Validation of SYNTAX Score II 2020 for CABG vs. PCI in CAD Patients
- Although randomized controlled trials have deemed CABG and PCI ‘equivalent’ treatment options for patients with multivessel CAD, some patients may be better candidates for one treatment over another.
- SYNTAX score II 2020 aims to individualize risks and benefits of revascularization strategies (CABG vs. PCI) for patients with multivessel disease.
Can the SYNTAX score II be redefined to predict the benefit of coronary artery bypass grafting (CABG) vs. percutaneous coronary intervention (PCI) over a 10-year period?
The SYNTAX Extended Survival (SYNTAXES) study is an investigator-driven extension follow-up of a multicenter, randomized controlled trial done in 85 hospitals across 18 North American and European countries between March 2005 and April 2007. Patients with de novo three-vessel and left main coronary artery disease (CAD) were randomly assigned (1:1) to either the PCI group or CABG group. The SYNTAXES study ascertained 10-year all-cause deaths. They used Cox regression to develop a clinical prognostic index for predicting death over a 10-year period, which was combined, in a second stage, with assigned treatment (PCI or CABG) and two prespecified effect-modifiers, which were selected on the basis of previous evidence: disease type (three-vessel disease or left main CAD) and anatomical SYNTAX score.
They used similar techniques to develop a model to predict the 5-year risk of major adverse cardiovascular events (defined as a composite of all-cause death, nonfatal stroke, or nonfatal myocardial infarction) in patients receiving PCI or CABG. The investigators then assessed the ability of these models to predict the risk of death or a major adverse cardiovascular event, and their differences (i.e., the estimated benefit of CABG vs. PCI by calculating the absolute risk difference between the two strategies) by cross-validation with the SYNTAX trial (n = 1,800 participants) and external validation in the pooled population (n = 3,380 participants) of the FREEDOM, BEST, and PRECOMBAT trials. The concordance (C)-index was used to measure discriminative ability, and calibration plots were used to assess the degree of agreement between predictions and observations.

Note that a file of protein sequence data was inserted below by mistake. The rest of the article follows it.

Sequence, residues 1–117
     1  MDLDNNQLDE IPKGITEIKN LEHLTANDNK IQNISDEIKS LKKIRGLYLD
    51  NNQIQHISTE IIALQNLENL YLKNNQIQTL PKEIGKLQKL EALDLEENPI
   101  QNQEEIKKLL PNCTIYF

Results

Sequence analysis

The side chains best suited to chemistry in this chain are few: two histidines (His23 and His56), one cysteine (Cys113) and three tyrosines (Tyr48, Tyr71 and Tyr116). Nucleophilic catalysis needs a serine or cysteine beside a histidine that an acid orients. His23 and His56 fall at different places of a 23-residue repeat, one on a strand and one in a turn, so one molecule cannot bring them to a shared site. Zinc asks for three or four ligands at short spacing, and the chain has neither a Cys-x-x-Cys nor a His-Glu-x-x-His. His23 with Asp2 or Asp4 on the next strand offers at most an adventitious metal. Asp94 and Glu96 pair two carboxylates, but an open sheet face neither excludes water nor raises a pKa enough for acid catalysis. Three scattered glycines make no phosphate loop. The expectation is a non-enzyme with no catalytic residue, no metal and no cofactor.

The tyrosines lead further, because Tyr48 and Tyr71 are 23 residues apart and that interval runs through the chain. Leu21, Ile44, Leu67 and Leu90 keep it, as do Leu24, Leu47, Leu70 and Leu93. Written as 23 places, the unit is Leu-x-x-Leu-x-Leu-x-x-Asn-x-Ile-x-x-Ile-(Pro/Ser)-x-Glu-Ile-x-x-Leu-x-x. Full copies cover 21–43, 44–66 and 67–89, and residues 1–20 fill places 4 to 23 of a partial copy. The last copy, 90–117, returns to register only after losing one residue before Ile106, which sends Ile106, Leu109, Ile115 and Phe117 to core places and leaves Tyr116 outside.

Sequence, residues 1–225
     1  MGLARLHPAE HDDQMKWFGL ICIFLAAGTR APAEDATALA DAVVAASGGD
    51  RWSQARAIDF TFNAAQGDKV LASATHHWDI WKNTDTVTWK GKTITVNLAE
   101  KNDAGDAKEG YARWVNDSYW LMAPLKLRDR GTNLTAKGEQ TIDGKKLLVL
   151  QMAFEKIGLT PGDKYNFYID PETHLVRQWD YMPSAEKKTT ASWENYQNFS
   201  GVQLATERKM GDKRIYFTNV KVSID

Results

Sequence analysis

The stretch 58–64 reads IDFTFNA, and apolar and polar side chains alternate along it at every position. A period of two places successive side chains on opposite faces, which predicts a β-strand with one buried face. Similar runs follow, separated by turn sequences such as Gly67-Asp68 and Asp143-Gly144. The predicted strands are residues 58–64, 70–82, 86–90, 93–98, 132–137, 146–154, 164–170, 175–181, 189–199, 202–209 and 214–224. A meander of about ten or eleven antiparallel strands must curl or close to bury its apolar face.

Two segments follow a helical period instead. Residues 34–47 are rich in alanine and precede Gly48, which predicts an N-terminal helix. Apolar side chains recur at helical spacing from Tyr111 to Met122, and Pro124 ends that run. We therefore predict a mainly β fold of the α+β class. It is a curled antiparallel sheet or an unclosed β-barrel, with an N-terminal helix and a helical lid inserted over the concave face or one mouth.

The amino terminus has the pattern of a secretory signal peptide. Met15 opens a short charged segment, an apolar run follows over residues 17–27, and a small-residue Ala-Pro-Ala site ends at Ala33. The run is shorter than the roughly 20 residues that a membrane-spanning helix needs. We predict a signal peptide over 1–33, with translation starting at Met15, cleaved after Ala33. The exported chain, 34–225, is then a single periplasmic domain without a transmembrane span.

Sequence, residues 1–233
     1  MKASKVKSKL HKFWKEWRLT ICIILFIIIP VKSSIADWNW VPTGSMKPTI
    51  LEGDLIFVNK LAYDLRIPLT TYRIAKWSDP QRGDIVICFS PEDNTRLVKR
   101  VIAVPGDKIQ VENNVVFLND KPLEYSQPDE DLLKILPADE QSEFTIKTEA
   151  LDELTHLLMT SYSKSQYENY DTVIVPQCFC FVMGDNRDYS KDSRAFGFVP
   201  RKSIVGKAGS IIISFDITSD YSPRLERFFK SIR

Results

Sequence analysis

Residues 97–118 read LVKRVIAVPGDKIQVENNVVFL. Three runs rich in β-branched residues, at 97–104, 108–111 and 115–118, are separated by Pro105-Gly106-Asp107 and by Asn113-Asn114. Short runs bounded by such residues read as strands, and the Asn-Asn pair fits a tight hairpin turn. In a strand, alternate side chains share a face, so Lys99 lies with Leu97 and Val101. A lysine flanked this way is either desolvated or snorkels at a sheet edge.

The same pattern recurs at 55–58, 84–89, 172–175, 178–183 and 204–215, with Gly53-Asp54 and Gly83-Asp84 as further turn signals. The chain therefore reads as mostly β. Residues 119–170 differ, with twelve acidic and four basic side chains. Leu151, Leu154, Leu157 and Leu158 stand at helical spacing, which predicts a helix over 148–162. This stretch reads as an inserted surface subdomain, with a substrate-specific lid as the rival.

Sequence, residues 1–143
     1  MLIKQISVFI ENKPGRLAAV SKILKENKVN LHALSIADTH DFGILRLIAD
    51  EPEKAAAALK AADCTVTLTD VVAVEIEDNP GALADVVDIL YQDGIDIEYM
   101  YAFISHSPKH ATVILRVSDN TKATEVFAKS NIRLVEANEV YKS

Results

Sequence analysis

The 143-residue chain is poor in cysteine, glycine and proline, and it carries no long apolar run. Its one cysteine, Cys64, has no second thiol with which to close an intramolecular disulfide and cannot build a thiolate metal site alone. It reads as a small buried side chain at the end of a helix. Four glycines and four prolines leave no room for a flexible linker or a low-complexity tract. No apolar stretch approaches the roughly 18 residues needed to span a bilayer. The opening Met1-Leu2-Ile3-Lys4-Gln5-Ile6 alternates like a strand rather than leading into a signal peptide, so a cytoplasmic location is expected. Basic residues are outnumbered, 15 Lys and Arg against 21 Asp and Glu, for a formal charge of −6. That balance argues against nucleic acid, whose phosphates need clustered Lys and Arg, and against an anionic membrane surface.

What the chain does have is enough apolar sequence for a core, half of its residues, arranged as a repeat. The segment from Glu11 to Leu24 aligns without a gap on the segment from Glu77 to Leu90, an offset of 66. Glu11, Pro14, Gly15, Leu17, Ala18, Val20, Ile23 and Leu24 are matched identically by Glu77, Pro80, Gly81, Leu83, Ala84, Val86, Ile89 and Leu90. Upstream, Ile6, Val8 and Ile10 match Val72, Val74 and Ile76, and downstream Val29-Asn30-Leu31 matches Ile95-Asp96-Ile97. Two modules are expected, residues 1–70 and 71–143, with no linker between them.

At cross-validation, the newly developed SYNTAX score II, termed SYNTAX score II 2020, showed a helpful discriminative ability in both treatment groups for predicting 10-year all-cause deaths (C-index = 0.73 [95% confidence interval, 0.69–0.76] for PCI and 0.73 [0.69–0.76] for CABG) and 5-year major adverse cardiovascular events (C-index = 0.65 [0.61–0.69] for PCI and C-index = 0.71 [0.67–0.75] for CABG). At external validation, the SYNTAX score II 2020 showed helpful discrimination (C-index = 0.67 [0.63–0.70] for PCI and C-index = 0.62 [0.58–0.66] for CABG) and good calibration for predicting 5-year major adverse cardiovascular events. The estimated treatment benefit of CABG over PCI varied substantially among patients in the trial population, and the benefit predictions were well calibrated.
The SYNTAX score II 2020 for predicting 10-year deaths and 5-year major adverse cardiovascular events can help to identify individuals who will benefit from either CABG or PCI, thereby supporting heart teams, patients, and their families to select optimal revascularization strategies.
The SYNTAX score II 2020 contains eight prognostic factors (age, diabetes, insulin use, creatinine clearance, left ventricular ejection fraction, chronic obstructive pulmonary disease, peripheral vascular disease, current smoker) and two effect modifiers (three-vessel disease vs. left main only disease and anatomical SYNTAX score). Findings from this impressive study aim to refine which patients may benefit from PCI versus CABG based on their individual risk. With the SYNTAX score II 2020, there is personalization of treatment recommendations which move away from both treatment options being equal (based on randomized controlled trial results) to which of the treatment options may be better for a given patient.
Clinical Topics: Cardiac Surgery, Invasive Cardiovascular Angiography and Intervention, Atherosclerotic Disease (CAD/PAD), Aortic Surgery, Interventions and Coronary Artery Disease
Keywords: Cardiac Surgical Procedures, Coronary Artery Bypass, Coronary Artery Disease, Myocardial Infarction, Myocardial Revascularization, Percutaneous Coronary Intervention, Risk Assessment, Stroke
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